syndrome refers to the disruption of the normal function of the calcaneal-cuboid
joint (CC joint). Disruption of the CC joint is often called subluxation. Cuboid
syndrome is somewhat obscure and poorly defined in the literature. When
conditions are poorly defined in the literature, this means that there
is a lack of consensus among doctors as to the etiology (reason for the
condition) and the treatment. Cuboid syndrome can also be found in the
literature described as a sequella of inversion sprains of the ankle.
Cuboid syndrome can also describe a sprain of the CC joint or any of the
supporting structure contiguous to the CC joint. These structures include
the calcaneo-cuboid ligaments and peroneus longus tendon.
The onset of cuboid syndrome varies and can be abrupt (most common) or
insidious in onset. Pain is typically site specific to the plantar lateral
cuboid. Indurated (hard) edema may be found. Bruising is uncommon.
The diagnosis of cuboid syndrome is made based upon the location and onset of
pain. Plain x-ray should be used to differentiate cuboid syndrome from
fractures. MRI is also helpful to define soft tissue problems that occur in the region
of the CC joint (see differential diagnosis below).
Treatment Of Cuboid Syndrome
Cuboid syndrome, when due to subluxation of the calcaneal-cuboid joint, is treated by reducing (realigning) the subluxation of the CC
joint and stabilizing the reduction. It is believe by many, but not all
practitioners that reduction of the subluxation can be
accomplished by manipulating the joint. Manipulation is performed with the
patient in a prone (face down) position. The doctor cradles the foot in
his/her hands and places both thumbs beneath the CC joint. The CC joint is
then manipulated by a forceful movement, moving the leg at the knee and the
ankle while applying pressure with the thumbs at the plantar (bottom) aspect of
the CC joint. This procedure is called a cuboid whip.
Reduction of the subluxation can be maintained with taping and
padding. Padding of the lateral sole is used to maintain the reduction of the
CC joint and limit supination (rolling to the outside of the foot).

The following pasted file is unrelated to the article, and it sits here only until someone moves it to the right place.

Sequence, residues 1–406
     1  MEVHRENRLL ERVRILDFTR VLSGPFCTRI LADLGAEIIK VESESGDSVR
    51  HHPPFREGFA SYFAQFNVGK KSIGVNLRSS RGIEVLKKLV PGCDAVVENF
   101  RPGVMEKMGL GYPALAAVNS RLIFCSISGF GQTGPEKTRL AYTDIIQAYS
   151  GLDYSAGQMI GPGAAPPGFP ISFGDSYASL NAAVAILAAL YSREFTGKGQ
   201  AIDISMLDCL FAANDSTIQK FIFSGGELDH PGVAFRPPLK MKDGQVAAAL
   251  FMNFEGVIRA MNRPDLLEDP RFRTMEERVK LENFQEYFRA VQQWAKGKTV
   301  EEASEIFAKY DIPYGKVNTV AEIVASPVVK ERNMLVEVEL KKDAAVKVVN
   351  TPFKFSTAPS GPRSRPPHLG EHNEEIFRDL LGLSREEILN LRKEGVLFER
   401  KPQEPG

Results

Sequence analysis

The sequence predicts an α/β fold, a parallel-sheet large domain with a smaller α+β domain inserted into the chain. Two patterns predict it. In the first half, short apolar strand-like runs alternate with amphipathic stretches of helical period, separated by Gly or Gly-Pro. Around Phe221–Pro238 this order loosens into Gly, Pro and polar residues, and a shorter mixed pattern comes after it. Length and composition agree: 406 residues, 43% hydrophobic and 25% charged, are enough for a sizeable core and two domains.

Lateral sole wedges
can be placed in the shoe or applied to the outer sole of the shoe at a shoe
repair shop. Rest, ice, compression and elevation (RICE) is used as a
treatment of cuboid syndrome. The use of oral NSAID medications is also
common. Occasionally, cortisone injections may be
helpful in reducing inflammation associated with the subluxation of the CC
joint. Patients are instructed to avoid going barefoot or wearing shoes
with low heels.
Heel lifts worn within the shoe can also be
Once the acute symptoms are resolved, prescription orthotics (arch supports)
are helpful in preventing a recurrence of cuboid syndrome.
The response to treatment of cuboid syndrome depends upon the etiology and
onset of symptoms. Acute onset of cuboid syndrome, say from an ankle
sprain, may respond dramatically to manipulation. If cuboid syndrome is
due to chronic, excessive intrinsic load (CT Band Syndrome) treatment such as
manipulation may be less effective and take longer to see results.
A bone of the lateral midfoot named after its square shape. The cuboid has historically been
used in games as a dice.
Chopart's Joint -
Includes the talo-navicular joint and the calcaneal-cuboid
joint. Named after the French surgeon Francois Chopart (1743-1795).
CT Band - 'calf to toes' band. Describes a band consisting of the calf,
Achilles tendon, ankle and plantar fascia.
Extrinsic load - any load delivered to the foot that is exclusive of
intrinsic load. Extrinsic load includes load applied to the lower extremity by
proximal muscle transfer or by upper extremity torsion.
Intrinsic load - Load applied to the foot through the CT band.